Let’s Assess the Situation

Assessing students’ learning is sometimes one of the hardest things to do as a teacher, and most often it is one of the things that students dread the most. Students who have test anxiety, or simply can’t think under pressure, often have to deal with poor test grades and the image that gives them in the eye of the school district.

In The Science Teacher, a journal published by the NSTA, an article called “A Beginning, Present, and Future Connected by the Need for Science Education” mentioned that the goal of the NSTA was to, “promote excellence and innovation in science teaching and learning for all.” One of the most fundamental ways to transform science teaching is to transform science assessing. Here are a few ways that we as teachers can assess our students in ways that are fair and equitable!


Old fashioned and over used. There is a lot of information that a test just simply cannot measure. Sure, you can get a rough idea of whether or not a student can regurgitate information back to you in the form of bubbling in an answer, but there is very little higher-order thinking with this one. Even essay questions often ask students to describe a memorized process or explain a phenomenon in their own words.

Image result for tri fold

Trifold/Science Fairs

Now this is fun! Having students research a topic and present it to the rest of the class, especially if they make something that goes along with it (I’m looking at you, 4th grade volcano projects) allows for the students to get engaged with what they’re learning. Applicable assessment is good assessment!

Image result for science board games

Board Games

Unconventional, I’ll admit, but having students create a board game that revolves around a topic is a great way to assess how well a student understands the content. If they’re able to create a game that follows along with a concept, then they more than likely understand the concept on a deeper level! Plus, kids love board games!

Here is a link to a video about using games as formative assessment!


Rubrics are the backbone for any good assessment, and making one can sometimes be difficult. Here is one for a brochure that could be applicable to any concept or topic:

Image result for science tri-fold rubric

Accommodations for ELL students

ELL students can have a hard time with language-based assessment, depending on what level they are. For those that are in the lower levels and aren’t as proficient in English, I would make sure that guidelines are written clearly and concisely, and show them examples of what I am looking for with each category of the rubric. The goal here is to gauge how much they know about a concept, not how much English they understand!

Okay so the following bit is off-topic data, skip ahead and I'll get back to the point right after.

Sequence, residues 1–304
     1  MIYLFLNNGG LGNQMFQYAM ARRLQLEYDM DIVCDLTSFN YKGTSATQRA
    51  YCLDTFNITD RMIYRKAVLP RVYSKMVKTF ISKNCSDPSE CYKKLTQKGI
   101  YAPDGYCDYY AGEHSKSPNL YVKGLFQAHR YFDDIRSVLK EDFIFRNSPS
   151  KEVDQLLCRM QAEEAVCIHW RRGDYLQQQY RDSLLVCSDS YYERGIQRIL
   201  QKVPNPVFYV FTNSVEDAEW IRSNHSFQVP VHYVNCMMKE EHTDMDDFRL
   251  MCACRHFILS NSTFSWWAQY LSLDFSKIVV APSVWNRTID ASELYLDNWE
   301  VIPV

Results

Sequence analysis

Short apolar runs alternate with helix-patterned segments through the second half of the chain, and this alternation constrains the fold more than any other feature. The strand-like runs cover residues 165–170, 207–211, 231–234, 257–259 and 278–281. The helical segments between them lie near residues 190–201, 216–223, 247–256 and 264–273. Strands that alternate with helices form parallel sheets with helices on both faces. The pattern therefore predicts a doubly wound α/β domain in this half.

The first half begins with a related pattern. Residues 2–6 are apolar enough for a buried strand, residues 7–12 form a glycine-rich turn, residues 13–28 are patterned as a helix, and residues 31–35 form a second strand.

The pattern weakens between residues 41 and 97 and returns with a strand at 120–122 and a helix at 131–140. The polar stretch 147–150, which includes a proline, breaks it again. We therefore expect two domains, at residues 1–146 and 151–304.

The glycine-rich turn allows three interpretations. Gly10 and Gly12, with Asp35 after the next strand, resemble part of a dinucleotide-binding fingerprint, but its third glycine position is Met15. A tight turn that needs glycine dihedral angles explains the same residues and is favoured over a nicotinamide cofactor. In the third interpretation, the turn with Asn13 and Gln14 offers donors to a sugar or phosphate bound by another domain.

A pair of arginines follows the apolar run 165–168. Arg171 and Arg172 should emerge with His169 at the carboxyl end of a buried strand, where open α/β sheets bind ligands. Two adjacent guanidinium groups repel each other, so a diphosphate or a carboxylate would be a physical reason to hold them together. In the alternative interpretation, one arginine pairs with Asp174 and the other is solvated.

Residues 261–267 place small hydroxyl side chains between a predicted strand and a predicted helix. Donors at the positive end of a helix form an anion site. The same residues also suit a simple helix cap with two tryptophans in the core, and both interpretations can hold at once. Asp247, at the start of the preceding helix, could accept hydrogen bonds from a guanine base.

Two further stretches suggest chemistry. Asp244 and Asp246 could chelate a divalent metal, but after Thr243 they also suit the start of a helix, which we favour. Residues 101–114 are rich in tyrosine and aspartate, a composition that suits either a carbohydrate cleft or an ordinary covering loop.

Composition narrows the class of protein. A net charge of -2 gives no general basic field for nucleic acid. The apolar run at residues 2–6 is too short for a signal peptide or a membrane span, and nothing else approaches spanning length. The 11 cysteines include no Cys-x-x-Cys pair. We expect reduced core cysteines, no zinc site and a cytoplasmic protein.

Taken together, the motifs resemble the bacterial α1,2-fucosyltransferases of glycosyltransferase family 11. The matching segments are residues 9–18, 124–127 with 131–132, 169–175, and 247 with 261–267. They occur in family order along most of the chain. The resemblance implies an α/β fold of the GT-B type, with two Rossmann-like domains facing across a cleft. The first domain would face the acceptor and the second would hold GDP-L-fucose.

Accommodations for students with Hearing Impairments

Since a lot of the rubric is written, I would provide students who are HOH/Deaf with a transcript of any extra points that I would be making during the introduction of the assessment. I would also expect presentations to be done clearly, so that all students are able to hear as much as possible.


  1. Bryce,

    Amazing post! You really dove deep into this blog. One of my favorite aspects was the trifold idea! It reminds me of the good ole days in elementary and middle school during science fairs. It allows students to accurately and creatively display their knowledge. In your opinion, would it be more difficult to assess student’s work on trifolds rather than tests?


  2. Great blog! I totally agree that tests are overused and old fashioned. I really like the idea of the tri-fold board. Even if the student isn’t doing a traditional “science fair” type project, they could still put a lot of useful information on the board and it could very clearly show their level of understanding. With this idea, however, do you have any way to help make sure that a student’s parents don’t do the whole project for them at home? Again, great post!

  3. Bryce, I really enjoyed the title of your blog. It is really catchy and creative. I also liked how you described the different types of assessment and how you described test as old fashioned and over used because that is spot on. The images that you used really brought some life into this blog. I really enjoyed your tweet as well! Which type of assessment is your favorite and why? Overall great post!

  4. Hello Bryce,
    Great post! I like how you discuss various different options for assessment! I particularly like the board game idea because it is pretty obvious that in a class of 8th graders, board games are a great option! I never thought about board games much, but they can really allow students to not only show what they know, but also remember what they learned. I also think the tri-fold science project is a good idea, but there needs to be much guidance on the project and what you are looking for. Some kids do not like doing the projects, so make it interesting by letting them pick the topic and also show things the way that they choose to! Otherwise, great job! I like your accommodations as well, they seem fair and equitable. Lastly, I like your tweet and I retweet it. I agree that there are better ways to assess and creativity is key! Are there any other ways that you have thought of and did you use these ideas from Dr. Ann’s list because they are great! My next question is, what about a person with autism, how would you accommodate them? Just curious. Awesome post!

    Delaina 🙂

Leave a Reply

This site uses Akismet to reduce spam. Learn how your comment data is processed.